Asian stock markets endured a tough start to the week with worries over China’s economic prospects seeing Hong Kong stocks tank and Japan shares giving up most of their early gains.
The Hong Kong and China sell-off came after Chinese President Xi Jinping chose a leadership team at the twice-a-decade Communist Party Congress that suggested a focus on ideology-driven policies, sacrificing economic growth.
That includes the controversial zero-Covid policy, along with the “common prosperity” initiatives that led to the collapse of the property market and the humbling of China’s tech giants.
Japan’s Nikkei share average gave up most of its morning gains during the afternoon session to close below the key 27,000 level, as investors fretted about the outlook for China’s economy.
Japan’s stock benchmark ended the day up 0.31% at 26,974.90. The broader Topix rose 0.28% to 1,887.19. Real estate was the worst performing sector in the Nikkei, tumbling 2.12%.
The Nikkei had started the day brightly, entering the lunch break 1% higher, buoyed by optimism about a slightly less hawkish US Federal Reserve and the potential for a weaker yen to boost earnings as the corporate reporting season picks up pace this week.
“We need to be wary about downside risks for Chinese growth, this will not be helpful to investor sentiment in Japan,” said Masayuki Kichikawa, chief macro strategist at Sumitomo Mitsui Asset Management.
Hong Kong stocks slid to 13-year lows on Monday and the onshore yuan fell to its weakest level in 15 years after Xi Jinping’s leadership team was unveiled.
The Hang Seng index slumped, touching levels last seen during the 2008-2009 global financial crisis and was 6.36% down at the close, or 1,030.43 points, at 15,180.69.
Hong Kong-listed shares of tech giants Alibaba Group Holding Ltd and Tencent Holdings Ltd plunged 10% and 8% respectively, dragging the Hang Seng Tech Index down 7% to a record low. Hong Kong-listed Chinese developers plummeted 9% to record lows.
Both the property and tech sectors have been targeted for far greater regulation under Xi.
China’s bluechip CSI300 index lost 2.3%, while The Shanghai Composite Index dipped 2.02%, or 61.37 points, to 2,977.56. The Shenzhen Composite Index on China’s second exchange dropped 1.76%, or 34.58 points, to 1,932.34.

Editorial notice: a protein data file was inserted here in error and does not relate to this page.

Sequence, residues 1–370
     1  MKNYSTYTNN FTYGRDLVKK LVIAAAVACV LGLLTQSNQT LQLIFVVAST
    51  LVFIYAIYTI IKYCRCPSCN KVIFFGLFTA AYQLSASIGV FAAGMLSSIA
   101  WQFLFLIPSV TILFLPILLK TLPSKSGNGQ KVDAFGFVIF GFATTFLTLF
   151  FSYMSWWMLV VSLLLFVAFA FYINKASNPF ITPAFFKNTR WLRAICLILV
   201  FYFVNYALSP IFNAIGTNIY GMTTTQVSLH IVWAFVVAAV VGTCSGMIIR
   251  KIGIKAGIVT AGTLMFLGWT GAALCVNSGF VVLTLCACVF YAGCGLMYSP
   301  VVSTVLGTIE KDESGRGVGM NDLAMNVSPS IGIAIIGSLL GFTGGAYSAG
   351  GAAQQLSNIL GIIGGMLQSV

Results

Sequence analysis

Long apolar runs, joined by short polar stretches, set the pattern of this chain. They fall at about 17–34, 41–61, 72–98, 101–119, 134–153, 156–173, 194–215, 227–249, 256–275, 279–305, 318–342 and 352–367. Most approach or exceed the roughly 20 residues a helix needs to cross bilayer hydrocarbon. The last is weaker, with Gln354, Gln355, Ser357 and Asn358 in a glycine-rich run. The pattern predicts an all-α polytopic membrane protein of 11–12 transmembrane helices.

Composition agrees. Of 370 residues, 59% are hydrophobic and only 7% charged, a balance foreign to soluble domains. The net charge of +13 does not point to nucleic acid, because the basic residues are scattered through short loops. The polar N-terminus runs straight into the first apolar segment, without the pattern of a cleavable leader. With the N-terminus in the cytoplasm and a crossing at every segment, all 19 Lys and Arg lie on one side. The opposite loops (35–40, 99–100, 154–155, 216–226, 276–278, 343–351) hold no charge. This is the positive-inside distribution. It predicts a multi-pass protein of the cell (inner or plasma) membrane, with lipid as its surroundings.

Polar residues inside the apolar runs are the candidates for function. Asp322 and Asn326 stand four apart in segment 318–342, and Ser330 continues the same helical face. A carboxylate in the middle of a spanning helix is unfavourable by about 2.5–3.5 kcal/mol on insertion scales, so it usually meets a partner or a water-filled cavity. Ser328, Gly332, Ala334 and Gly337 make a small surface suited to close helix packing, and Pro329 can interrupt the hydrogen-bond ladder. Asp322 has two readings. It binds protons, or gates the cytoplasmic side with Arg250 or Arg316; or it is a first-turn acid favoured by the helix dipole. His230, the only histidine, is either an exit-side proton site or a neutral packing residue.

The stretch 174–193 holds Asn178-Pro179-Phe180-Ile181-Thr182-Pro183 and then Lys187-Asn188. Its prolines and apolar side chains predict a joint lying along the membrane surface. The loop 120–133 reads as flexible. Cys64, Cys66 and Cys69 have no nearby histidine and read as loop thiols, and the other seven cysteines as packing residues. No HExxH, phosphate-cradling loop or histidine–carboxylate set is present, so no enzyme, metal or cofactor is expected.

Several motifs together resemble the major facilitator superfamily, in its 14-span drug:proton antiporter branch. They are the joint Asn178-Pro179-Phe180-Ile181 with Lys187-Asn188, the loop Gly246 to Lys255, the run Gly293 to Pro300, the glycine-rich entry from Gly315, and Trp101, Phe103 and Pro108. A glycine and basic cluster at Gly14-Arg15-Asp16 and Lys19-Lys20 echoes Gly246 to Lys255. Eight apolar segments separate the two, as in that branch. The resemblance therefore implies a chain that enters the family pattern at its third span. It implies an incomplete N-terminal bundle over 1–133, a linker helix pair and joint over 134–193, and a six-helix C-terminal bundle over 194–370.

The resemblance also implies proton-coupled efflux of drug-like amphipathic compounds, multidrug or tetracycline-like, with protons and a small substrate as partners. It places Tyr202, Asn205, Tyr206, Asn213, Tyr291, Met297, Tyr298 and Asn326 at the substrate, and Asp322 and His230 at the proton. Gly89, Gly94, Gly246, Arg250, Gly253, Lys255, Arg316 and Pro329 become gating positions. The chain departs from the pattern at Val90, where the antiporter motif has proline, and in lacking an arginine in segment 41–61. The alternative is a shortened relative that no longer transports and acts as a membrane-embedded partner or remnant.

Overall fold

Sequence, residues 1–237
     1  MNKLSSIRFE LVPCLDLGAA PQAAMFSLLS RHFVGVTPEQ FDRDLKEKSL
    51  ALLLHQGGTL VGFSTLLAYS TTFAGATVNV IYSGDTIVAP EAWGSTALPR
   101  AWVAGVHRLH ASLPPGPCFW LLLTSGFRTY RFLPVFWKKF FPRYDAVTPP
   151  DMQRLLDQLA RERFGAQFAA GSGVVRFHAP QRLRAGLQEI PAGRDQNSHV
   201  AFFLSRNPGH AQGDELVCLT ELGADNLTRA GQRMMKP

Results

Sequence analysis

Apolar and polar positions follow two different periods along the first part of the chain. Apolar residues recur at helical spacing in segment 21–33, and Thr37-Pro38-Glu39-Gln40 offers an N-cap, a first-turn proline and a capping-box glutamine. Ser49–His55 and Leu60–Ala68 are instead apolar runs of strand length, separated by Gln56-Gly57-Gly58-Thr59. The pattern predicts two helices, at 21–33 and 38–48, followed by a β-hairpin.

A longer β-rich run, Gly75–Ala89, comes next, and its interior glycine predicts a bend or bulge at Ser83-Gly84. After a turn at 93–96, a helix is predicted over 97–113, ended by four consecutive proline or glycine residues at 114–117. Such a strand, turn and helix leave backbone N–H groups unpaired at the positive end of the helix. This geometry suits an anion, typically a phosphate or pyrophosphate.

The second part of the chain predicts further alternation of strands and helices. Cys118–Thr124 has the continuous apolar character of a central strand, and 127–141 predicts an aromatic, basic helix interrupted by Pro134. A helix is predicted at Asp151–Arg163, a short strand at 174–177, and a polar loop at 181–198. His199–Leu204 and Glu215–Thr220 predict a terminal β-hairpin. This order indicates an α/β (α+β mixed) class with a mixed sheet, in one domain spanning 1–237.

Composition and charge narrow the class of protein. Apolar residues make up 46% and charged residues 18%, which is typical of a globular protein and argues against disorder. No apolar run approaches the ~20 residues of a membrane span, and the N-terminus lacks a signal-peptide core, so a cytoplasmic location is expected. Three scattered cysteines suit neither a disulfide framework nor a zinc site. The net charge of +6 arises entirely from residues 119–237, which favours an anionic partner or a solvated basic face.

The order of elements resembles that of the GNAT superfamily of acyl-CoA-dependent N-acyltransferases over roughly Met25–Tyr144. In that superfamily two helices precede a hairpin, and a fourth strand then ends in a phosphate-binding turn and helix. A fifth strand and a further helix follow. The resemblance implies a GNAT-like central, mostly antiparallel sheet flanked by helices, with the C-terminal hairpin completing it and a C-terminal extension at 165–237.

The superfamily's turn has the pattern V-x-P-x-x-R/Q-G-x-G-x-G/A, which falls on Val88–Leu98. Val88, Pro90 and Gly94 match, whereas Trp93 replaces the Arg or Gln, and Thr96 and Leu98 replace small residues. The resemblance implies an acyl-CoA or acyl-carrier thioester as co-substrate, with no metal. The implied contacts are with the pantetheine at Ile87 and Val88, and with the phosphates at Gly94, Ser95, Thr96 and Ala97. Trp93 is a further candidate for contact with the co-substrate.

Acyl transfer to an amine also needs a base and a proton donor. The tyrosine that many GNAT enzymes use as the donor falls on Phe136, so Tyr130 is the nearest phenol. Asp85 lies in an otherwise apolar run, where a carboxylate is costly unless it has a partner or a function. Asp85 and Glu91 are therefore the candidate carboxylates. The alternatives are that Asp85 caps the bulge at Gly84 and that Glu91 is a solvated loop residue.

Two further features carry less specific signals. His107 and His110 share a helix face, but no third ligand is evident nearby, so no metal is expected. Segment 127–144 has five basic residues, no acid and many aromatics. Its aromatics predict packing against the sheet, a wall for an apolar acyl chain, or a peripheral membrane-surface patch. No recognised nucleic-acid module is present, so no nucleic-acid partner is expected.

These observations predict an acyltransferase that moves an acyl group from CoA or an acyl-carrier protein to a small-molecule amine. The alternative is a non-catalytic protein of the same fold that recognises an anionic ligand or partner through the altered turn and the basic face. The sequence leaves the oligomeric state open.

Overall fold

Elsewhere across the region, South Korean equities jumped 1% after Seoul said on Sunday its credit support measures will ease worries about a credit crunch in bond and short-term money markets. Indian stock markets were closed for holiday.
Yen Intervention Rumours
Globally, the dollar weathered another suspected blast of Japanese intervention to rise against the yen, while European markets got a lift from hopes that US interest rates could rise more slowly than previously thought.
The dollar roared to 149.70 yen in early trade before hastily retreating to 145.28 in a matter of minutes in what traders and analysts said appeared to be at the hands of the Bank of Japan. It was last down almost 1% at 149.24.
The Financial Times reported the BOJ may have sold at least $30 billion on Friday to try to protect the yen from yet more weakness, which has sharply lifted the cost of Japan’s imports, particularly for resources.
Equities mostly extended the bounce that began late in New York on Friday on talk the Federal Reserve was debating when to slow the pace of hikes and might signal a step back at its November meeting.
Markets are still priced for a rise of 75 basis points next month, but have scaled back bets on a matching move in December. The peak for rates has also edged down to around 4.87%, from above 5% early last week.
Stocks in Europe opened on an upbeat note, with the STOXX 600 up 0.7% on the day, ahead of a week of packed earnings, as 118 companies, including big guns like HSBC, Unilever and TotalEnergies are set to report.
Markets now await figures on US GDP due on Thursday and core inflation measures the day after. The economy is forecast to have grown an annualised 2.1% in the third quarter, while the Atlanta Fed GDP Now indicator rose to 2.9% in the latest week, from 2.8%.
Sentiment will also be tested by some major earnings with Apple, Microsoft, Google-parent Alphabet and Amazon all reporting.
Tokyo – Nikkei 225 > UP 0.31% at 26,974.90 (close)
Hong Kong – Hang Seng Index < DOWN 6.36% at 15,180.69 (close)
Shanghai – Composite < DOWN 2.02% at 2,977.56 (close)
London – FTSE 100 < DOWN 0.62% at 6,926.55 (0935 BST)
New York – Dow > UP 2.47% at 31,082.56 (Friday close)
- Reuters with additional editing by Sean O’Meara